How has Black Lives Matter changed the climate debate?

It’s become very much front and center to the transition to a new, clean-energy economy. The injustice that was exposed by Covid-19 is part of a structural environmental injustice. The investments needed to transform the economy also have to be fairly and equally distributed. We have to invest in a just transition that takes into account the communities that have borne the brunt of pollution, for many, many years. Biden’s committed to directing 40% of $2 trillion to distressed communities.

What was your reaction to the exchange about oil in the last presidential debate, in which Biden backed a transition away from fossil fuels?

You’re not going to turn the tap off tomorrow. It will take a while. It begins with eliminating subsidies to the oil industry, as Biden has suggested. Eventually you want to be producing electricity through clean sources, and you need to electrify everything that we’re using fossil fuels for now. The U.S. is moving in that direction. It just needs to go faster.

There are policies that enable that transition from an internal combustion-based transportation sector to an electricity-based transportation sector, like Biden’s plan and support for clean-tech manufacturing that can build and deploy 500,000 power stations, so that people don’t have that road-range fear.

The pledges coming from the private sector are amazing to me. It’s not just the tech companies who are pledging to go net-zero. It’s spread into retail even, and some of these harder to decarbonize sectors, like cement. The power sector probably wants to go a little more slowly than Biden does, but it’s not massive resistance. It knows it needs to get there.

The question is, what are the incentives? Is there a penalty to pay for continuing to pollute? Those are the things that need to be resolved. Biden’s program is really built around major investments in this clean tech economy, in building a just and fair economy.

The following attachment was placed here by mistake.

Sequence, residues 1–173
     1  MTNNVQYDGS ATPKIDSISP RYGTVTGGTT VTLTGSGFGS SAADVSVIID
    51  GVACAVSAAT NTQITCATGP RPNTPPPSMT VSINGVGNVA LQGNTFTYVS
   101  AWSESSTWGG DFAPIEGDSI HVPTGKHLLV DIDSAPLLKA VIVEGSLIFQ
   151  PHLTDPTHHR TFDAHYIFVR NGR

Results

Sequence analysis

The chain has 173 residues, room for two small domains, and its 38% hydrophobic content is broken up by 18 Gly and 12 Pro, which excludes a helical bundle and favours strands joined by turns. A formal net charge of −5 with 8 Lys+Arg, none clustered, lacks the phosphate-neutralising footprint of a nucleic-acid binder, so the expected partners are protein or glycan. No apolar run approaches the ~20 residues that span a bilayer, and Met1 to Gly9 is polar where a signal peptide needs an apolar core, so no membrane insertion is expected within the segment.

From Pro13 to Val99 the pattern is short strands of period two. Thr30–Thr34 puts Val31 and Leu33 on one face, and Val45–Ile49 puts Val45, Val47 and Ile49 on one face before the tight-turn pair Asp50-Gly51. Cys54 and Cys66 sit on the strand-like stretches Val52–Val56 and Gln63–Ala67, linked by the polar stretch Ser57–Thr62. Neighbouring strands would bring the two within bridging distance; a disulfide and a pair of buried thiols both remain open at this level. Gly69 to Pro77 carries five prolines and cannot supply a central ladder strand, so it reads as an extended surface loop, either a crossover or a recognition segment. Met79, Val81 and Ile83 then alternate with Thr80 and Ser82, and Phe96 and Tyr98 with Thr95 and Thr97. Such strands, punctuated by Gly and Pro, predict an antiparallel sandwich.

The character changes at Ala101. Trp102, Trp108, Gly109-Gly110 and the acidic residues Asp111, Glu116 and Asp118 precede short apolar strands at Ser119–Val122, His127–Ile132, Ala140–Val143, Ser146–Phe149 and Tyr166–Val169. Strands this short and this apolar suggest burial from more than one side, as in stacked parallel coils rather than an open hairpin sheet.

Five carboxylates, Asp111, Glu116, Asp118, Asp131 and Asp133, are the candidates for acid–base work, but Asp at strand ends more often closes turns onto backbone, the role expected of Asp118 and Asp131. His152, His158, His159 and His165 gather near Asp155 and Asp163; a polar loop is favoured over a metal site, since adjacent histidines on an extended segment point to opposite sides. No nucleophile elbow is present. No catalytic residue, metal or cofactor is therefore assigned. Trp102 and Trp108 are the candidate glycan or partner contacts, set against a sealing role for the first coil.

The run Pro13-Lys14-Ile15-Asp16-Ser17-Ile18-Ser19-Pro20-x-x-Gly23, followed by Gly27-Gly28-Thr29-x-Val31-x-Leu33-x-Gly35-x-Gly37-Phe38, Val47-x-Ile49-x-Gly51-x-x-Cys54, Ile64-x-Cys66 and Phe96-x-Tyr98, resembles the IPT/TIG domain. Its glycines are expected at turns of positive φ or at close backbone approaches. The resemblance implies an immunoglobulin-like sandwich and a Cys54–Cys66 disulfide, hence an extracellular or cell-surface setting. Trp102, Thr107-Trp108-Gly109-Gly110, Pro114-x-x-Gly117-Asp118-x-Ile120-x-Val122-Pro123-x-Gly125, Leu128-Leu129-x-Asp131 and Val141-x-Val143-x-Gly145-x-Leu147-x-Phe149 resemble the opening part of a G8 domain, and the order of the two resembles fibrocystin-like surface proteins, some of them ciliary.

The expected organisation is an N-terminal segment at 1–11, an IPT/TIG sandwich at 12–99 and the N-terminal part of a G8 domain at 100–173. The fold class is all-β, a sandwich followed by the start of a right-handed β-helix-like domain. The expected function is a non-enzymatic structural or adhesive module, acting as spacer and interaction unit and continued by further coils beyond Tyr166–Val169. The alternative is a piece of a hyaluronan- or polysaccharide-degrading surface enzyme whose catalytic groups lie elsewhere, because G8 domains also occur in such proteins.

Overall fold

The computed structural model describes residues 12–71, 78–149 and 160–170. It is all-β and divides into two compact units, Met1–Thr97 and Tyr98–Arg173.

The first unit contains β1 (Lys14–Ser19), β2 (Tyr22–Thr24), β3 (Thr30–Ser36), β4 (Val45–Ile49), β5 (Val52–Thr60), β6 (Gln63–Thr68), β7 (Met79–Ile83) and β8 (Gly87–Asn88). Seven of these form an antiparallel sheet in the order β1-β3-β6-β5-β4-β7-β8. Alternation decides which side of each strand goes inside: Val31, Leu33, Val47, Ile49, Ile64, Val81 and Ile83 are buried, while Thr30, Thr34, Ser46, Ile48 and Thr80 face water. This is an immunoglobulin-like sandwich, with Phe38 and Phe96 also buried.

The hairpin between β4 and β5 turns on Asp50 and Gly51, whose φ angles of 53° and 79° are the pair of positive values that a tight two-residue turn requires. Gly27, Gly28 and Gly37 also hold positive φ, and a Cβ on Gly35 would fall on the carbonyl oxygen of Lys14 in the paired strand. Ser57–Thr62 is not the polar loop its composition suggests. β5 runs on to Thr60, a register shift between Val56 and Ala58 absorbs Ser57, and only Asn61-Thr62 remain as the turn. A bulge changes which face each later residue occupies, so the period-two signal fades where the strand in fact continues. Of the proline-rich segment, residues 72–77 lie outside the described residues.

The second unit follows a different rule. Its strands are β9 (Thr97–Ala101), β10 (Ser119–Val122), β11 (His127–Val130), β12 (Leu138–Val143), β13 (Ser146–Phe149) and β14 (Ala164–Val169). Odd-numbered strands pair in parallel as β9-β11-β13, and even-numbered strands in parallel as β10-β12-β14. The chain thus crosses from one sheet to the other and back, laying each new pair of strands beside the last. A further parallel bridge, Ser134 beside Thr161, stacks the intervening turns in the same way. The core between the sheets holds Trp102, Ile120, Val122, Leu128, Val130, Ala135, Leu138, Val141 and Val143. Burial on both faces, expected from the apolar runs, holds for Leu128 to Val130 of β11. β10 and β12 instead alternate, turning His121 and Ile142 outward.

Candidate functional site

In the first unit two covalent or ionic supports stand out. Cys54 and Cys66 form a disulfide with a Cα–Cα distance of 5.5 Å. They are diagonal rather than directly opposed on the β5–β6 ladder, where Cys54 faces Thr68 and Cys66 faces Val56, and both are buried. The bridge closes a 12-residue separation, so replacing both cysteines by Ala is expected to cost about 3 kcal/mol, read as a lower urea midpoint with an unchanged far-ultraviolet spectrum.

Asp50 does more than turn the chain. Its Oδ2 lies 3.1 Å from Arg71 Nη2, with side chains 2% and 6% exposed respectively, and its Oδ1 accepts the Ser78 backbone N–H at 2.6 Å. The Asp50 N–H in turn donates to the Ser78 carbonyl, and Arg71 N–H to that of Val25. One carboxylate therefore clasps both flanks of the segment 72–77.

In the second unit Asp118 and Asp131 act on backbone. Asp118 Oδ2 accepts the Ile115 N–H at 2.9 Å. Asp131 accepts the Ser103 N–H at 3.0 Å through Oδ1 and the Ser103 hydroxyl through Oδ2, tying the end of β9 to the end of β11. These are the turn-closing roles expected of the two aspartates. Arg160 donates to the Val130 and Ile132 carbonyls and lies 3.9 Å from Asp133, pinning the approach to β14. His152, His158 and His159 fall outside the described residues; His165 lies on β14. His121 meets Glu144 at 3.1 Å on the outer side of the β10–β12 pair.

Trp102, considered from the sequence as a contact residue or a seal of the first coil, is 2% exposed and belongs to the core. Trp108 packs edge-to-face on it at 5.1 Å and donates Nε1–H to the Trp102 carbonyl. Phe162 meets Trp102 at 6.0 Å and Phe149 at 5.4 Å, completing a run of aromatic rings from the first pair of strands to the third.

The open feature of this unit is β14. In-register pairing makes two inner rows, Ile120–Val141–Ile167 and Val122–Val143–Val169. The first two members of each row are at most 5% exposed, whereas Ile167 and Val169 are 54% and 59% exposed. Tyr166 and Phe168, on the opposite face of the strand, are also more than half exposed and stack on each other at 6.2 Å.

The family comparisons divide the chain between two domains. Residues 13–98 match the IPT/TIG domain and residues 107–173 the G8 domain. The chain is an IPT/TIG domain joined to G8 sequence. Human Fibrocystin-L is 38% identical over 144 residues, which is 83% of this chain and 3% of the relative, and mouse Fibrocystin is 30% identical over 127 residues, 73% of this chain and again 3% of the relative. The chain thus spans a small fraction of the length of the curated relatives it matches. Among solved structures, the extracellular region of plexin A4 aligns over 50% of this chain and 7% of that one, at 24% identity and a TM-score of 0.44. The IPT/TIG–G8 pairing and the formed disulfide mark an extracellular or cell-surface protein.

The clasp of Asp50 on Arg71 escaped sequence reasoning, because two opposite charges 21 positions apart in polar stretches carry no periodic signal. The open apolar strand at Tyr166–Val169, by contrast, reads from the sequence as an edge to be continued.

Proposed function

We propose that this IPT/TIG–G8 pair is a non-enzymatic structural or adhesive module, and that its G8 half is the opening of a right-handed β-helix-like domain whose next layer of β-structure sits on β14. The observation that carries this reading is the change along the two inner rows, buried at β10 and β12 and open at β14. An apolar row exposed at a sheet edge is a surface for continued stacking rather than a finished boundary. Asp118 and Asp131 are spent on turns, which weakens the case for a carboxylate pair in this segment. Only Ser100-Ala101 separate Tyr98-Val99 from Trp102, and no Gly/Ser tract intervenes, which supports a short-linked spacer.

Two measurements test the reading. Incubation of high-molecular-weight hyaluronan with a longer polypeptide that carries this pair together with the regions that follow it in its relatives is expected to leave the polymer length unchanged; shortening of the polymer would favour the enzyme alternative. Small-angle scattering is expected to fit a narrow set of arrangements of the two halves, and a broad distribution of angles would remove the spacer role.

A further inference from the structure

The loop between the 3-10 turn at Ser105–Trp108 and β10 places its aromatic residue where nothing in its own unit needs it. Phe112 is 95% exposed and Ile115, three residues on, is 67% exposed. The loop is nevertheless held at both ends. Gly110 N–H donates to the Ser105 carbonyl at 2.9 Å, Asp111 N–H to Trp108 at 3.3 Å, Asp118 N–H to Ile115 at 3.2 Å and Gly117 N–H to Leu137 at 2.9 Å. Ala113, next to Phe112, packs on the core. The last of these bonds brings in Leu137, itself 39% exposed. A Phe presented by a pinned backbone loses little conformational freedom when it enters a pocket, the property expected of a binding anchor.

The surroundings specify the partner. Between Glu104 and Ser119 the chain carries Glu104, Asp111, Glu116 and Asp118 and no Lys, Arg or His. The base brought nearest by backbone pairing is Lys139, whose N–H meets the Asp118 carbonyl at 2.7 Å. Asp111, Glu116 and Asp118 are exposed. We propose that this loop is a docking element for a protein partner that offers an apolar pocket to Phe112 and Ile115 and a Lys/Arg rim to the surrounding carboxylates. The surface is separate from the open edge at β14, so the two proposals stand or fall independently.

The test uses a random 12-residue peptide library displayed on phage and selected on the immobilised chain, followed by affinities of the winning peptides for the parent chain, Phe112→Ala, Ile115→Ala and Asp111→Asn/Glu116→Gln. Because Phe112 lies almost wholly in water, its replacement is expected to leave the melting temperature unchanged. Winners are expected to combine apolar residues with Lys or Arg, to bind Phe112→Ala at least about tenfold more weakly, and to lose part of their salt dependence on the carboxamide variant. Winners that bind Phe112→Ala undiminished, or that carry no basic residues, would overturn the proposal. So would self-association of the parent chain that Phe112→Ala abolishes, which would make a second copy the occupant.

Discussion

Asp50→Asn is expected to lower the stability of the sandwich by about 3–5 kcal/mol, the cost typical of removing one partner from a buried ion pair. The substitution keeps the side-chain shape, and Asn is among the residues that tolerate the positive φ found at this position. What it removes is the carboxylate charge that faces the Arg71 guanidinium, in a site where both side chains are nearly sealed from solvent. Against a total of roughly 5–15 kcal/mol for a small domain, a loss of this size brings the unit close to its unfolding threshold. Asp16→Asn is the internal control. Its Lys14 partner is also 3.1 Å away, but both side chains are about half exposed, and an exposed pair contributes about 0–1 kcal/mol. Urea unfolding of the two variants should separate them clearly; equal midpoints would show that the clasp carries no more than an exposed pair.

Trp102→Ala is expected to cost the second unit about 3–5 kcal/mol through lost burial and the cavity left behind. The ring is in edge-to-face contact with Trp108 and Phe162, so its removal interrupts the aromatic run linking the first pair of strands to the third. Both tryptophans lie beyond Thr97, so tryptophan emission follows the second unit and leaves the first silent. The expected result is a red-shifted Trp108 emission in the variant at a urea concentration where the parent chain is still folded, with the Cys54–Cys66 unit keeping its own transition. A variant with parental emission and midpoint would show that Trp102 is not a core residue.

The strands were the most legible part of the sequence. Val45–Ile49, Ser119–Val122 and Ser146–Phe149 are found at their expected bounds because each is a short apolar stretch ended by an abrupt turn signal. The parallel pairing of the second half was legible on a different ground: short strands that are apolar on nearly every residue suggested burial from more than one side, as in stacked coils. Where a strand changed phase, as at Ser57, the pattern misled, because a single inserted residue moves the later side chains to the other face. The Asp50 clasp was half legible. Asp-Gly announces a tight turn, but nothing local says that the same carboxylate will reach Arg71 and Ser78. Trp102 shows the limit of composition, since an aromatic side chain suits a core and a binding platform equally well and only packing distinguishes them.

Can the White House and a Republican-controlled Senate agree on anything?

There’s bipartisan support for some aspects of a climate program, particularly the reduction of so-called F-gases, hydrofluorocarbons, which is significant. It’s like 0.5°C by the end of the century. There is Republican support for that. But it’s hard for me to see [Senate Majority Leader Mitch] McConnell going along with the kind of major investment program that Biden’s talking about for a build-out of that green infrastructure.

Wha’s the current shape of the U.S. government’s science staffing?

Trump’s war on science has hit this arena and health care, in particular. You’ve seen a lot of loss of expertise in the agencies. People just have had it. There’s been a real brain drain. This is an area that cries out for a better flexibility, like hiring mid-career people for temporary assignments.

How will the courts affect the new administration?

The administration will be less inclined to use novel regulatory theories, for fear of doing work that could take years and then have it all blown apart by a very conservative Supreme Court majority. I go back to [new Justice] Amy Coney Barrett, who everyone agrees is brilliant, but couldn’t even muster an answer that climate change is real. Because somehow in her mind it was a political issue.

What have you learned from Republicans?

“Republicans” is a broad term. Congressional Republicans have moved from being in denial to denying that we should do anything about it. There are many other Republicans who grasp the severity of the challenge and are prepared to act. But when it comes to congressional Republicans, they operate in a herd.

There are efforts underway to see if you can get some at least bipartisan dialogue going in both the House and the Senate. The problem is we can’t wait for that to develop. We just don’t have enough time. People argue that if you do it in a bipartisan way, it’s more durable, and I can see that that’s true. But we can’t wait anymore, and if it means that we have to go forward than I’d rather go forward. It’s better to get something in place, prove that it’s effective, show the jobs that it’s creating, and try to defend from that position, then wait for, you know, Republicans to go to science seminars.

It’s really, really rooted in in the congressional wing of the Republican Party. Money from the fossil fuel industry is heavily weighted towards their campaigns. I don’t see anybody stepping up and doing something serious. I hope they do!